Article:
"There are no second acts," Dominique Fabre writes in his new novel "Guys Like Me" (New Vessel Press: 144 pp., $15.99 paper). It's a nod to Fitzgerald, sure, but it is also an existential statement, made by an unnamed Parisian who, as he drifts through his 50s, finds himself increasingly unmoored.
Divorced, the father of an adult son, he works in an office, although we never find out much about what he does. Rather, the novel revolves around small interactions, particularly with two old friends and with a woman he meets on a dating site. "Sometimes," he tells us, "you're so alone you think you're talking aloud even when you haven't said a word."
Fabre is a genius of these nuanced, interior moments; his 2008 novel, "The Waitress Was New," offered a similar glimpse of quiet lives. Born and raised in Paris, he's written a dozen or so books, but none of the others have been translated into English.
That's a real loss, because in both "The Waitress Was New" and "Guys Like Me," he stakes out a compelling territory, explicating the inner lives of characters who cannot quite articulate their hopes and longings to themselves. Middle-aged, middle-class, office workers mostly, they are reminiscent of the grey men and women evoked by Nathanael West in "Miss Lonelyhearts," except that Fabre's characters are motivated more by disappointment than despair.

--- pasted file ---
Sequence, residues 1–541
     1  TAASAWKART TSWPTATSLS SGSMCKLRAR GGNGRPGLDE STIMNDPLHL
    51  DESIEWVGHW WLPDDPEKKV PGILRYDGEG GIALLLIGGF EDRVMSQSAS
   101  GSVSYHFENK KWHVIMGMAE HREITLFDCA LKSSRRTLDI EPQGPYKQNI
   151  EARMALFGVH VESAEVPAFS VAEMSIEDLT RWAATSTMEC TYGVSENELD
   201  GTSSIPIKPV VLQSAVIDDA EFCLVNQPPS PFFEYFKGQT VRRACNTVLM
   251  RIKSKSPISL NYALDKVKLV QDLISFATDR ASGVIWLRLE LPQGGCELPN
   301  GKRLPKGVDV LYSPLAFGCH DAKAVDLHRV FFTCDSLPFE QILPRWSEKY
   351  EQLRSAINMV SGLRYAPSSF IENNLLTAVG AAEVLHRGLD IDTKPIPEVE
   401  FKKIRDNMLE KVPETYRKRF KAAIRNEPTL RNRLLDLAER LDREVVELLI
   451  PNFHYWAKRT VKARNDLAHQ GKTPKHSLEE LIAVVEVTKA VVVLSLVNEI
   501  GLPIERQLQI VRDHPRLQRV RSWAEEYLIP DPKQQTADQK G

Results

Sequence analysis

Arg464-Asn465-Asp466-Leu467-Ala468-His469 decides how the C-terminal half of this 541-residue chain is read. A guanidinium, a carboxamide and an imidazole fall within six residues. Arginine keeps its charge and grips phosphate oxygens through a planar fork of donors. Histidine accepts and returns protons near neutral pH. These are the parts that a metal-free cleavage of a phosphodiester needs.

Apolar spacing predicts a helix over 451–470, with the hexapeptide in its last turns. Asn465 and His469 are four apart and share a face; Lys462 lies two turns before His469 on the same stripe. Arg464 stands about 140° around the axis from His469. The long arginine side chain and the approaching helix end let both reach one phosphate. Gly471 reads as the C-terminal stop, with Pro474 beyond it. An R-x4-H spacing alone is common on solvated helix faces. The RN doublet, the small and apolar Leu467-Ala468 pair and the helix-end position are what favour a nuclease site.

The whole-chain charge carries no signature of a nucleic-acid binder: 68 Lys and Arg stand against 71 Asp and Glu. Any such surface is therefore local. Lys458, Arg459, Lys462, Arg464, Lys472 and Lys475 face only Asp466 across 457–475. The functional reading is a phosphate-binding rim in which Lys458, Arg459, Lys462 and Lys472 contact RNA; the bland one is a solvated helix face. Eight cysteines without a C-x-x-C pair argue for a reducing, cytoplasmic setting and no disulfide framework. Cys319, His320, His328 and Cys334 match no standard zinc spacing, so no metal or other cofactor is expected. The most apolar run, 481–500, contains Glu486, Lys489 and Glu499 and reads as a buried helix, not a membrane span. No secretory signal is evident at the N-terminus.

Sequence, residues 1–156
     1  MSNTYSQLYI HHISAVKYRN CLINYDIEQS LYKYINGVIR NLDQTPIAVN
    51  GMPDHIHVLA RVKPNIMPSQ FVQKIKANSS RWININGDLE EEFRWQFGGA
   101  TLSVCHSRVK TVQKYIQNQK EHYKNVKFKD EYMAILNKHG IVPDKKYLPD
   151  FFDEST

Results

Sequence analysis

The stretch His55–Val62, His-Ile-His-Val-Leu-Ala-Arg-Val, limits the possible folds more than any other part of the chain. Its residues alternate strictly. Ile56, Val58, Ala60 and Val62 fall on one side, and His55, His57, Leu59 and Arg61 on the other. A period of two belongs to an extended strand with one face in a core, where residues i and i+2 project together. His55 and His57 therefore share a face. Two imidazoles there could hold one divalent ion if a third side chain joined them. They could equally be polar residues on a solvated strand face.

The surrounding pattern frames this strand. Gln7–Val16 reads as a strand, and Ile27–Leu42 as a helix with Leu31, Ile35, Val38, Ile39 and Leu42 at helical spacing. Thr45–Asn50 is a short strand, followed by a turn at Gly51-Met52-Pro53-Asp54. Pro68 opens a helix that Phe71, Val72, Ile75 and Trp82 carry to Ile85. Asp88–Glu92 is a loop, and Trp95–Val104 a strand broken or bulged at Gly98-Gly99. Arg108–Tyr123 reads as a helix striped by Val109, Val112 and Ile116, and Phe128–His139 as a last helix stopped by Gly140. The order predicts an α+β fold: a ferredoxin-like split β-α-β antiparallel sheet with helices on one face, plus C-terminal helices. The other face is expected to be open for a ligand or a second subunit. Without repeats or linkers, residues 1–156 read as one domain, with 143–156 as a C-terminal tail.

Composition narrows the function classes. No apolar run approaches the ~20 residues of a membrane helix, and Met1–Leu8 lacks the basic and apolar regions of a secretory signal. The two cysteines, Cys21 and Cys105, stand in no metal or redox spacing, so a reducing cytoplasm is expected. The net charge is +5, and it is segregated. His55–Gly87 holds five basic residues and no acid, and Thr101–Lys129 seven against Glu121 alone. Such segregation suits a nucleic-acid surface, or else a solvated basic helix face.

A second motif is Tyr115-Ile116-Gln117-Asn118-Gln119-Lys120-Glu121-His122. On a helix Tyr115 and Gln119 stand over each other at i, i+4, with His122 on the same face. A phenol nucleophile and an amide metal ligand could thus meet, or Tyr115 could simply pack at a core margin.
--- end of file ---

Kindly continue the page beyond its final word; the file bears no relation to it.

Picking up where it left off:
This is not to say they are without hope, or even redemption, although this, too, happens on its own terms. Fabre's narrator finds solace (if that's the right word) in his relationship with his son, which is tentative yet caring, and in the possibilities of his connection to the woman as it grows.
And yet, he never promises too much, or expects anything. "I dreamed about my childhood," he acknowledges, in one of the novel's liveliest passages. "That doesn't happen often these days. It seemed quite beautiful now. Why? Maybe because I didn't have much time left? And then finally it all calmed down, as if nothing had happened, just like that, because it was the next day."
What Fabre is getting at is the insubstantiality of even the most resonant moment, the way that we are all lost in the face of time.
On the one hand, that's a theme that runs throughout contemporary French literature; it echoes the work of novelists such as Albert Camus, Patrick Modiano, Nathalie Sarraute. On the other, it gets at not just the condition of modernity but humanity itself. The story Fabre tells is that of every one of us: looking for meaning in the mundane, moving through our lives, our interactions, as if through the fabric of a dream. What we live on the outside and what we feel on the inside — that is the divide he traces in this book.
It's tempting to call "Guys Like Me" a novel about nothing, but in fact it is more accurately about everything. How do we live? it asks to consider. And: What does our existence mean? That it doesn't offer an answer is the point precisely because answers crumble in the end. "I'm waiting for tomorrow," Fabre's narrator tells us. "Well, there it is."